Like it or not, gas prices and the cost of airfare are both high these days. So, as long as you’re not crossing any oceans, how do you know which one is the better option?
Here are a few questions to help you determine if your next trip will be via wings or wheels.
What’s Your Budget?
Whether you’ve been saving your pennies for a long time, or you’re ready to splurge on short notice, a budget is often what steers the decision to fly or drive.
The financial aspect generally goes one of two ways: 1) You look at your bank account (or credit limit) and determine where you can afford to go; or, 2) You choose a destination and make it fit within your monetary limits.
No matter how you come up with the magic number, the amount you’re willing to spend plays a significant role in the deciding whether to fly or drive.
When crunching numbers, remember it’s not only the plane ticket versus the cost of gas. Also, keep in mind the smaller costs that add up.
Costs of Driving
What’s the price of gas and what kind of gas mileage will you get? The cost of fuel in the United States can vary by $.40 or $.50 per gallon depending on where you travel.
Do you have a car capable of safely going the distance, or will you rent one? If your car needs repairs, figure that in. If your car is in good shape, wear and tear of driving long distances can result in needed repairs later as well. If you don’t have a car, add in the cost of renting one and don’t forget any extras you may need, like insurance.
Costs of Flying
How will you get to the airport? Depending on where you live, the cost of getting to the airport can range from minimal to a hefty chunk of change.
If you drive (or a friend takes you), will it be a quick trip or will it take half a tank of gas and a couple of hours to get there and back? Will you pay tolls and/or pay for parking? Will you call a cab or car service? Add these dollar bills to the ticket price.
How much luggage will you need? Don’t forget those pesky baggage charges that gouge you each way if you decide to check your bags.
When I lived in the northeast, it was usually more expensive to fly in and out of Connecticut instead of the major hubs like JFK or LaGuardia, which were only 80 miles away. I often chose the higher fare because driving into the city — sometimes in New York’s rush hour traffic — plus the exorbitant tolls and parking rates rarely made it worth the slightly cheaper fare.
Where Are You Going?
You’ll also want to put some analysis into where you’re headed. Will you stay within one or two days’ drive or will you be trekking cross-country?
A common rule of thumb says if the driving distance is 4 hours or less, it’s more cost effective to drive.
But many times, driving 5, 6, or even 10 hours is still a better deal than flying, depending on where you’re going. This is often the case if your destination airport is in a small town or has limited flights.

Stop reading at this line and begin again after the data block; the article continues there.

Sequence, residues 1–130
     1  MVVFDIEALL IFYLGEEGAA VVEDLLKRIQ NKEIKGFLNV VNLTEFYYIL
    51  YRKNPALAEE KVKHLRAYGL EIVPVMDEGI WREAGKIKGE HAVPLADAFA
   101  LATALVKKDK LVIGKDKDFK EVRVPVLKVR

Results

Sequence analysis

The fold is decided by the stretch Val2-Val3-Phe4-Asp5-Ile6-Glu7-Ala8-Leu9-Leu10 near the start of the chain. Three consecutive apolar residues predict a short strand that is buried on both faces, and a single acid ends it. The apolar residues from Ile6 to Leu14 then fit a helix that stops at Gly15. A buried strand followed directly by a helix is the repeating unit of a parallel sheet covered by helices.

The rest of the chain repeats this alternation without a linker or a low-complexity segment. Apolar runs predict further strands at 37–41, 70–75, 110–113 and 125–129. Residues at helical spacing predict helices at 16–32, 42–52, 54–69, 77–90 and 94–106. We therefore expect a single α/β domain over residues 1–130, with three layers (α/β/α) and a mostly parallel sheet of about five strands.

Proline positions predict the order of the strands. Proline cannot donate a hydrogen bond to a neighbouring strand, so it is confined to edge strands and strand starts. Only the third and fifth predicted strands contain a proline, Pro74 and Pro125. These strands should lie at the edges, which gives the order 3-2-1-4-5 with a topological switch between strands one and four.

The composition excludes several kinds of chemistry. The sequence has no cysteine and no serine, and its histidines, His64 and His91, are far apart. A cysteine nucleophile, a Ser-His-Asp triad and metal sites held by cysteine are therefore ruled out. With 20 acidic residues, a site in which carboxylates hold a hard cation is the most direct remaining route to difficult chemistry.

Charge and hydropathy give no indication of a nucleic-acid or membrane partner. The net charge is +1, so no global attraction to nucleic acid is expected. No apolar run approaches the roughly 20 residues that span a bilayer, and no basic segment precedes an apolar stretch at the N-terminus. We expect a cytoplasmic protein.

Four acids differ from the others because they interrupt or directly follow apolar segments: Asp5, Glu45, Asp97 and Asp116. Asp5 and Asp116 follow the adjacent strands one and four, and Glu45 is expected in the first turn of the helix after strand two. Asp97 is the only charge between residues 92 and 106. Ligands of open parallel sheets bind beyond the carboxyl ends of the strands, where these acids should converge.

You may also find an airfare that’s pricier than driving, but it’s worth it to pay extra if you’re short on time.
How Much Time Do You Have?
Once you nail down how far you’re going, think about how long you plan to be away.
Your vacation spot may be thousands of miles away or just a quick 4-hour drive, but if you can only stay for one or two days, a flight is often the better option.
On the other hand, if you have a little more time, but must travel on specific days of the week or on set dates, driving can give you some level of control where flight schedules, weather delays, and other air-travel variables can throw your plans off course.
What’s Your Plan?
The purpose and plan of your trip will also help you figure out whether to fly or drive.
Will you need a car when you get there, or will you be using public transportation? If you’re staying within a crowded city, having to park a car may be more of a hassle than a help.
If you’ll need your own wheels on the ground, weigh the cost of renting a car once you arrive — should you fly — against the overall cost of driving to your destination. If you’ll be with friends or family who will happily do the driving, leave your car at home and enjoy the ride.
Who Is Going?
Sometimes when you see who is joining you, the fly or drive decision is a no-brainer.
If it’s a toss-up, the number of people going, as well as their ages and health status are important considerations. Traveling with children or elderly or those with special needs may easily rule out either flying or driving, depending on your specific circumstances.
If you’re traveling solo, you may feel more comfortable flying. If you drive, you will do all the driving and carry the financial burden, which may or may not be feasible when you look at your budget and time constraints.
If others go along who can help with driving and will split gas costs, it may make more sense to drive when you compare the cost of multiple plane tickets.
What Experience Is Important to You?
It shouldn’t be overlooked that travel is about much more than money and logistics. Although it may cost less to fly, driving may give you the experience of traveling slower and exploring in ways that jet-setting won’t allow.
On the other hand, it may make more sense to drive, but maybe you’d rather get there in a hurry, so you can spend more time discovering new places and creating memories once you’re there.
Everyone’s style of travel may vary from one trip to the next, and narrowing down the decision is a combination of personal preference and circumstance. The important thing is to plan a getaway that suits you, regardless of whether you fly or drive.
Photo Credits: marc31&gracey, katmystiry, Krappweis, stevex64, gracey, and Ladyheart.